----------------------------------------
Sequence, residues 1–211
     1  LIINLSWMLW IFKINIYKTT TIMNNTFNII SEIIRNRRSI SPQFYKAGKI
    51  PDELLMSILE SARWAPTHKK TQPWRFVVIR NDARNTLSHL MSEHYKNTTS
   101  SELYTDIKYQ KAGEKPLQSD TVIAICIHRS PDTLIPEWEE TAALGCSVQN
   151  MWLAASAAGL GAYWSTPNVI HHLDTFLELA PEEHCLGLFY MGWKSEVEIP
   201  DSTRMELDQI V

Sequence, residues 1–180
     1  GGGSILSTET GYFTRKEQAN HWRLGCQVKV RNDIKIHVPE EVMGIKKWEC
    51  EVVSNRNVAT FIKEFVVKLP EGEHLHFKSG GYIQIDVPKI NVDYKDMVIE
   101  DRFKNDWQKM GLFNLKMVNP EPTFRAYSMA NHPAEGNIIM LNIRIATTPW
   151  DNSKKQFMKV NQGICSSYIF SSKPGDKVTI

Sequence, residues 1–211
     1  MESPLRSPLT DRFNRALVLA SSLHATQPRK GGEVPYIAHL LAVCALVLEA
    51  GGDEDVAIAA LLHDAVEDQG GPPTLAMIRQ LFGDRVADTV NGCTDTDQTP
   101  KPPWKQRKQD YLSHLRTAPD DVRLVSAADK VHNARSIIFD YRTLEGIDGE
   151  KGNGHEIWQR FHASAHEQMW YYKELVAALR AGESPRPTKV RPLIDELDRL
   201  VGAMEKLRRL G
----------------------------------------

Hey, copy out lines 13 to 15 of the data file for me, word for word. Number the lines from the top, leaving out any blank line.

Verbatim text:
     1  MESPLRSPLT DRFNRALVLA SSLHATQPRK GGEVPYIAHL LAVCALVLEA
    51  GGDEDVAIAA LLHDAVEDQG GPPTLAMIRQ LFGDRVADTV NGCTDTDQTP
   101  KPPWKQRKQD YLSHLRTAPD DVRLVSAADK VHNARSIIFD YRTLEGIDGE